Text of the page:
Background/purpose: Excessive exposure of the skin to sunlight may cause many symptoms and skin cancer. The aim was to measure the transmission of ultraviolet (UV) A and UVB radiation through glasses of different types, according to the distance from the light source.
Methods: The baseline radiation from UVA and UVB sources was measured at different distances from the photometers. Next, the radiation from the same sources was measured at the same distances, but transmitted by different types of glass. The baseline values were compared with the results after protection using glass.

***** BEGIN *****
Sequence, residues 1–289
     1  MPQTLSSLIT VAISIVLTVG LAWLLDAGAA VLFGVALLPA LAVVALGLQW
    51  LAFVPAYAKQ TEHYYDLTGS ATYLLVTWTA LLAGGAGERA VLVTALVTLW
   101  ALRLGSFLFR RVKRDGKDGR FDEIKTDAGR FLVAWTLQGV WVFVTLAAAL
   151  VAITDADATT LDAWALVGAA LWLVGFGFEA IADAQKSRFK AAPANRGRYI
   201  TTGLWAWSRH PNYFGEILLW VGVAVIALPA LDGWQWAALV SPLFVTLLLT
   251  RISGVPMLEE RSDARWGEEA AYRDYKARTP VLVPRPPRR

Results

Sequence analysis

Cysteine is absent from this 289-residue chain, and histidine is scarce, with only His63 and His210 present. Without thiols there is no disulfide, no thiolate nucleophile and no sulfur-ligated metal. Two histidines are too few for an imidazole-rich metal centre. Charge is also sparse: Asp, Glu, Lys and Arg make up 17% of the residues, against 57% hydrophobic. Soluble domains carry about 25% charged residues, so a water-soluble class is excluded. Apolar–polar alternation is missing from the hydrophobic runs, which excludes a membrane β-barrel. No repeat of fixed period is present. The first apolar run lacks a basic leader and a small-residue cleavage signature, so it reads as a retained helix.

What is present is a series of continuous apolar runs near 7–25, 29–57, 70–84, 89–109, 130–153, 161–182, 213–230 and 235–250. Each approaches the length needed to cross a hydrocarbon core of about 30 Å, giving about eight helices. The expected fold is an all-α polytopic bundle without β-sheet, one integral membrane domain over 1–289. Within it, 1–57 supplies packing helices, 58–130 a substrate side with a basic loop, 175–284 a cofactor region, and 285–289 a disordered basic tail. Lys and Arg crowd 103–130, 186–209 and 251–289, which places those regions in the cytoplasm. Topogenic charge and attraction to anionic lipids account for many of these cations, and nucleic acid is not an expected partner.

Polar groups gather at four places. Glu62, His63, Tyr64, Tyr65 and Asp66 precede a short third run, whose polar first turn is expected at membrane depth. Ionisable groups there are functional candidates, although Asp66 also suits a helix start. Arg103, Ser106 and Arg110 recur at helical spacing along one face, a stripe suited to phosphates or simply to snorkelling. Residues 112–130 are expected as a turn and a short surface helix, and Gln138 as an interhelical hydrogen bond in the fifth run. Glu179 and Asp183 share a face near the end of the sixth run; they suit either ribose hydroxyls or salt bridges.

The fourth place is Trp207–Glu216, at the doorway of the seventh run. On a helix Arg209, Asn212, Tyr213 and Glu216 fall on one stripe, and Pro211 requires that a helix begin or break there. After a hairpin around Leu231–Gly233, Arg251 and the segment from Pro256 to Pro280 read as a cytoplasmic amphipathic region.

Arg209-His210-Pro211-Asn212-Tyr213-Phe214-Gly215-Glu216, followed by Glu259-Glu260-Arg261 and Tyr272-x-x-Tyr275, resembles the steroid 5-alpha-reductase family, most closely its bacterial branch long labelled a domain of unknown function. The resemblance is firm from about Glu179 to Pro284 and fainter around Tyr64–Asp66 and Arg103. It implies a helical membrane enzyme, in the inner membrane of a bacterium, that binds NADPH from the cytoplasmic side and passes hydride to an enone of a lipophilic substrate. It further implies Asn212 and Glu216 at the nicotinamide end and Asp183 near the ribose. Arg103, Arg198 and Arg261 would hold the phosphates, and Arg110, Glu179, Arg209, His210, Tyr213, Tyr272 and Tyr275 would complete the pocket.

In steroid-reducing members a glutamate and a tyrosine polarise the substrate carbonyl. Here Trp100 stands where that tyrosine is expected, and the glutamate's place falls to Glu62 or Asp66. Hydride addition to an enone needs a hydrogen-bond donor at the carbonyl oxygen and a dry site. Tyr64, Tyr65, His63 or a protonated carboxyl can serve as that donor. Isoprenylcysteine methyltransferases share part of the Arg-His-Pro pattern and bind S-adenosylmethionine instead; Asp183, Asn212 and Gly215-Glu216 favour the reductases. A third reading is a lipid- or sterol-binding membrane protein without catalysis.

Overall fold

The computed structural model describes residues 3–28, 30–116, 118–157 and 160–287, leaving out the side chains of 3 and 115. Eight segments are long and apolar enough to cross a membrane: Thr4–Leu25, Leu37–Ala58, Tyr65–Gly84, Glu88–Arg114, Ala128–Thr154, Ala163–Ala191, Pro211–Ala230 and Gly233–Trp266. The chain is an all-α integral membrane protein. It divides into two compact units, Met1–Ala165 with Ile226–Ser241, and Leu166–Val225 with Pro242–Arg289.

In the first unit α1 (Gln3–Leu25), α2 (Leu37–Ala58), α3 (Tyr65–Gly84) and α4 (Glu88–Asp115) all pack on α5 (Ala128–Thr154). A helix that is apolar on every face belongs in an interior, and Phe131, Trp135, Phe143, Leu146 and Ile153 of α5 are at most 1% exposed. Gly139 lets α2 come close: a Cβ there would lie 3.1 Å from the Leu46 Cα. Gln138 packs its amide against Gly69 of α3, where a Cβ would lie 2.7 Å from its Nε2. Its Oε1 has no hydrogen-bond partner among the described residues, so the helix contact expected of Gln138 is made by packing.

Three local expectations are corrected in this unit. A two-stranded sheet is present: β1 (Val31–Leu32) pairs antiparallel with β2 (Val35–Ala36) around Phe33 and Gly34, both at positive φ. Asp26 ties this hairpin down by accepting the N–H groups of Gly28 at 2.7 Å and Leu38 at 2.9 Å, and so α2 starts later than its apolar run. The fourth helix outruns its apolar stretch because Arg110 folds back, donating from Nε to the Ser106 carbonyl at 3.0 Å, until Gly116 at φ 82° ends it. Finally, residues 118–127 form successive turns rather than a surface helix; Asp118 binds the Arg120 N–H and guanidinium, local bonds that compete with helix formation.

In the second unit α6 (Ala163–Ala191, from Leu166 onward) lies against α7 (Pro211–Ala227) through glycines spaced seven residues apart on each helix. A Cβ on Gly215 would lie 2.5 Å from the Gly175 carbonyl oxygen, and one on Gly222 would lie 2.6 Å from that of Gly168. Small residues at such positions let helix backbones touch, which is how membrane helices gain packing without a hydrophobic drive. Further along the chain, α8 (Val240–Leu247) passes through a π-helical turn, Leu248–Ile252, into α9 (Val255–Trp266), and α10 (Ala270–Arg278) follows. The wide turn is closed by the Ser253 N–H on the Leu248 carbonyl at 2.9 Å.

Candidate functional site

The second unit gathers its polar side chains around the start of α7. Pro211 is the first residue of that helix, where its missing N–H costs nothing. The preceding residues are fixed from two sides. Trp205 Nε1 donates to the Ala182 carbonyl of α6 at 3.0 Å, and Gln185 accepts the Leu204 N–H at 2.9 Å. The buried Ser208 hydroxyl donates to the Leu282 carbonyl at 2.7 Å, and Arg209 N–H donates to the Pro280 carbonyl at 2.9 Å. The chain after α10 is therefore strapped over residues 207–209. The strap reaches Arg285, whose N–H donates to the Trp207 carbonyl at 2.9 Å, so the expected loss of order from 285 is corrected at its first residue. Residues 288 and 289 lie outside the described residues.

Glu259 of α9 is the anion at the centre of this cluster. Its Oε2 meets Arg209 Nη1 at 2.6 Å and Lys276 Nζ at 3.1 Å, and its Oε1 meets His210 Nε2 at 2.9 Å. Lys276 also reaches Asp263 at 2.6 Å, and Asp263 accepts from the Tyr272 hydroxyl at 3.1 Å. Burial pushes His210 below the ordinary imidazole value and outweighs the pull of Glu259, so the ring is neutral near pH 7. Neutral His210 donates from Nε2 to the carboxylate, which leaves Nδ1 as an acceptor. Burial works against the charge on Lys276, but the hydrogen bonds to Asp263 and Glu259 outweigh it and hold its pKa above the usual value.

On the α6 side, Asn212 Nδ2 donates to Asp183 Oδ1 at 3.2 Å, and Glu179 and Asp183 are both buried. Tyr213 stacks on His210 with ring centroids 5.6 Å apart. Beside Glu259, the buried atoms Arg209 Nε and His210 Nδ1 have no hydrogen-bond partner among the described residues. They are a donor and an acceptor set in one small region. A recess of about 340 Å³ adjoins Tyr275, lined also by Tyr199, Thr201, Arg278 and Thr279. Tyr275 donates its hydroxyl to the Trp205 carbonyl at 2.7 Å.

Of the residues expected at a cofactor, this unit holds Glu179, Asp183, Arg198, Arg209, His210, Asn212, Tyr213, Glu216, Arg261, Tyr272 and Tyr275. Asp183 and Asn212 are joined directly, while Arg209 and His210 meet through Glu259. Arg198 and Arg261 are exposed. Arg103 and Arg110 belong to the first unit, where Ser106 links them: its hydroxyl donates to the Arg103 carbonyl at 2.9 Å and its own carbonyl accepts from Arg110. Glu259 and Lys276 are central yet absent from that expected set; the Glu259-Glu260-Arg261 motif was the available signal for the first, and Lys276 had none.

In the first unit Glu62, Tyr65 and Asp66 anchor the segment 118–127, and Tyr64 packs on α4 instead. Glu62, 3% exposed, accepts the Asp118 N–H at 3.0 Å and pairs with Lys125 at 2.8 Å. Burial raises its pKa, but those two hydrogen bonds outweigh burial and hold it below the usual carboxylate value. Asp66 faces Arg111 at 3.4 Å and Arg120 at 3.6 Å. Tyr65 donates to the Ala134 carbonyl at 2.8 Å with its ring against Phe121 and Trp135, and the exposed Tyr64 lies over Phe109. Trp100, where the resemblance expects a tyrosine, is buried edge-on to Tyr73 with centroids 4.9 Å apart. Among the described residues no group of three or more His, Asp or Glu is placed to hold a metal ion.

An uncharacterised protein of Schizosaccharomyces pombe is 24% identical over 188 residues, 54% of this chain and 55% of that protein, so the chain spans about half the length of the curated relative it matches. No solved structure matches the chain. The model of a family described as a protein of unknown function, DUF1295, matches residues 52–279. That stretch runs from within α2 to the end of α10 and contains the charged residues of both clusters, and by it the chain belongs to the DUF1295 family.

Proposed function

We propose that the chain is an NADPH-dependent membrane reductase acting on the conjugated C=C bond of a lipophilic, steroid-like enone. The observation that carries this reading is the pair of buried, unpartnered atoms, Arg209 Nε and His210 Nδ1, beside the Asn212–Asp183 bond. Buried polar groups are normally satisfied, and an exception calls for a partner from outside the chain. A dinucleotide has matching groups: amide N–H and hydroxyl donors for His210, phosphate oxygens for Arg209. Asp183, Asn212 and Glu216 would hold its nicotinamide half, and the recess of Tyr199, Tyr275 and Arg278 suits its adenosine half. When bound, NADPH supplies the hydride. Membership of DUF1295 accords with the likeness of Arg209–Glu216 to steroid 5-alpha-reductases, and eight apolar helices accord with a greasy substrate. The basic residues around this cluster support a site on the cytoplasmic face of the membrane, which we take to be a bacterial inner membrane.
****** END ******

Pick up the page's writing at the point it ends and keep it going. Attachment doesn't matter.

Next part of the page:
Results: Laminated glass totally blocked UVA radiation, while smooth ordinary glass transmitted the highest dose (74.3%). Greater thicknesses of glass implied less radiation transmitted, but without a significant difference. Green glass totally blocked UVA radiation, while blue glass transmitted the highest dose of radiation (56.8%). The presence of a sunlight control film totally blocked UVA radiation. All glasses totally blocked UVB radiation.
Conclusion: The main characteristics of glass that make it a photoprotective agent are its type (especially laminated glass) and color (especially green), which give rise to good performance by this material as a barrier against the transmission of radiation.